"It's important to know how Welles constructed his radio scripts," wrote biographer Frank Brady, "since some doubt about his contribution to them has been raised by critics, past and present. Welles maintained complete control and authority, creatively and legally, over the content of all his shows." Brady devotes a full page of his 1989 book Citizen Welles to the process Welles employed.[9]:162–164 "As with all Orson Welles's broadcasts, the radio dramatization of The War of the Worlds was a collaborative effort, with Welles the chief architect who had the power and authority to employ as many draftsmen, designers, and workers as needed to construct the building," Brady wrote.[9]:177

A condensed version of the script for "The War of the Worlds" appeared in the debut issue of Radio Digest magazine (February 1939), in an article on the historic broadcast that credited "Orson Welles and his Mercury Theatre players".[39]

On December 19, 1938,[40] Princeton University announced that it was beginning a study of the social and psychological aspects of the panic surrounding "The War of the Worlds" broadcast, with the assistance of a government grant. Psychologist Hadley Cantril directed the study, published in book form under the title The Invasion from Mars: A Study in the Psychology of Panic (1940). Also included was the complete script of "The War of the Worlds" broadcast.[9]:176–177

Welles received the galley proofs of Cantril's book when he was asked to provide a blurb for the back of the dust jacket — and he was furious to see Howard Koch's name listed in the table of contents as the author of "The War of the Worlds". Welles understood his arrangement was that Koch would receive a nominal payment and copyright ownership of the scripts he had worked on. He emphatically disputed that Koch was the author, however, in a letter to Cantril: "Now it's perfectly true that Mr. Koch worked on 'The War of the Worlds' since he was at that time a regular member of my writing staff. To credit the broadcast version to him, with the implication that its conception as well as its execution was his, is a gross mistake."[9]:177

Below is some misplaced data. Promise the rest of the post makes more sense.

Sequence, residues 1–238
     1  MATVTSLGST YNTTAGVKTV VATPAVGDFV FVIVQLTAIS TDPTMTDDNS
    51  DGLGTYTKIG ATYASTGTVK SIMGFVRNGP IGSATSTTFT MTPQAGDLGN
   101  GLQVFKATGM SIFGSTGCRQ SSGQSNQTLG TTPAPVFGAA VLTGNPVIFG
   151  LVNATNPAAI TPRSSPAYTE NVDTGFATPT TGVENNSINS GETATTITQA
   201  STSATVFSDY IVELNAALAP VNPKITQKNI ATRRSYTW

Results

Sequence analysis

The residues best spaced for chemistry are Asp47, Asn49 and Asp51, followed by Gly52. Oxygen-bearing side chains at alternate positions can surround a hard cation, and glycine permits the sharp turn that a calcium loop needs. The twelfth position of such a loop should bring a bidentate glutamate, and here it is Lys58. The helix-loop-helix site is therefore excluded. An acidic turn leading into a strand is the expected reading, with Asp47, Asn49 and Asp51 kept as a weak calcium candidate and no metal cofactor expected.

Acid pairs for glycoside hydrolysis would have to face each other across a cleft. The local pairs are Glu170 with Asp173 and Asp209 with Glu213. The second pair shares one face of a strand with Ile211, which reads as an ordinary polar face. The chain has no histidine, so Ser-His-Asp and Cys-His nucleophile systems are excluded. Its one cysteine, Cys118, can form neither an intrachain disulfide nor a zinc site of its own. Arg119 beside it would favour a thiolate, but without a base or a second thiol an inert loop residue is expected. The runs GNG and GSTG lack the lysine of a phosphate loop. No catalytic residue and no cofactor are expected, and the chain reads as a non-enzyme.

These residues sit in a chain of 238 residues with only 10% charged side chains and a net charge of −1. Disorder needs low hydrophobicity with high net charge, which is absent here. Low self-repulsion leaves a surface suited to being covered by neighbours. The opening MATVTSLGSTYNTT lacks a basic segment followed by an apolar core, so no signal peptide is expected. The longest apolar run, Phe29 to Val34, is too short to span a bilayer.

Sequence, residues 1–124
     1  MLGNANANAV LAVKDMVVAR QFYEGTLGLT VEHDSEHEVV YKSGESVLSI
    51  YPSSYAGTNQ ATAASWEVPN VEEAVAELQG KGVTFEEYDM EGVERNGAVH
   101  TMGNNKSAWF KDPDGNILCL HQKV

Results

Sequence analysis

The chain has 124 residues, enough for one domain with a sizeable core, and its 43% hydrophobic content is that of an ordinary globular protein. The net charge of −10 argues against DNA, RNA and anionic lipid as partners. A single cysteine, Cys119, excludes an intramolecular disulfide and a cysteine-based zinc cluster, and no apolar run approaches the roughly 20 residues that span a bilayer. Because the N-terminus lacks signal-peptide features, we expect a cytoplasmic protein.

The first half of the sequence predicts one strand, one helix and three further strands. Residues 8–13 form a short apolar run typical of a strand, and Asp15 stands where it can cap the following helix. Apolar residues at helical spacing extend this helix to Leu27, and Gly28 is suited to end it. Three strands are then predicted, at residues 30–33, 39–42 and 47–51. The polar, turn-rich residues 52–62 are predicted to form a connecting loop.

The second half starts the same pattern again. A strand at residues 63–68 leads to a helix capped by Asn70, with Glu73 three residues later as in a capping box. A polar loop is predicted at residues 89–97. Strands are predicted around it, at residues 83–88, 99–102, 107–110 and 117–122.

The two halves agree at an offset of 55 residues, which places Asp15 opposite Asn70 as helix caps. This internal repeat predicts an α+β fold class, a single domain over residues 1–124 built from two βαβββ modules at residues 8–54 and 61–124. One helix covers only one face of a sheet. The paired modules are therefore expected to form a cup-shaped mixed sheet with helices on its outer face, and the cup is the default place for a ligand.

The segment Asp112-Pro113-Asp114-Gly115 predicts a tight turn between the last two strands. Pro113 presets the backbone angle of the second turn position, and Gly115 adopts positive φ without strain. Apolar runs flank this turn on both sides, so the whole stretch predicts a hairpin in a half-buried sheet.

Welles made it clear that he was not requesting more credit for himself in Cantril's book, although he certainly believed such credit was due him: "The idea for 'The War of the Worlds' broadcast and the major portion of its execution was mine", Welles wrote. He did insist that if Koch was named, the others who worked on the script should be credited, as well — including John Houseman; Paul Stewart, who made significant contributions to the text; sound engineer John Dietz; Davidson Taylor, who devised the newscast detail and interviews; and Bernard Herrmann, whose musical contributions shaped the script. Welles also wrote that many actors "did quite as much of the writing by the time we were done with our rehearsals as the writers themselves", and challenged Cantril's repeated attribution of authorship to Koch alone.[9]:177–178

When Welles requested that an errata slip be inserted into the book, Cantril instead proposed a lengthy rewording of the broadcast credit in the table of contents. This did not satisfy Welles, who replied with a telegram: "Once again, finally, and I promise for the last time, Howard Koch did not write The War of the Worlds. Any statement to this effect is untrue and immeasurably detrimental to me. I fail to see how I can put this more strongly. Orson Welles."[9]:178

For his part, Koch gave Cantril an affidavit attesting that he was the sole author of the script and that Houseman and Stewart had made only minimal contributions.[9]:178–179

Koch and one of Welles's attorneys conferred and "A Note to the Reader" was inserted into copies of The Invasion from Mars:[41]:15–16

In the publication of his radio play The War of the Worlds Howard Koch wishes to make the following statement to avoid any misunderstanding that may be detrimental to Orson Welles: "Orson Welles conceived the treatment of the radio play based on H. G. Wells's War of the Worlds. In addition to that he produced, directed, and acted in the broadcast. In a very proper sense it is Mr. Welles's achievement, to which my only contribution was the writing of the play in accordance with his general conception.[41]:3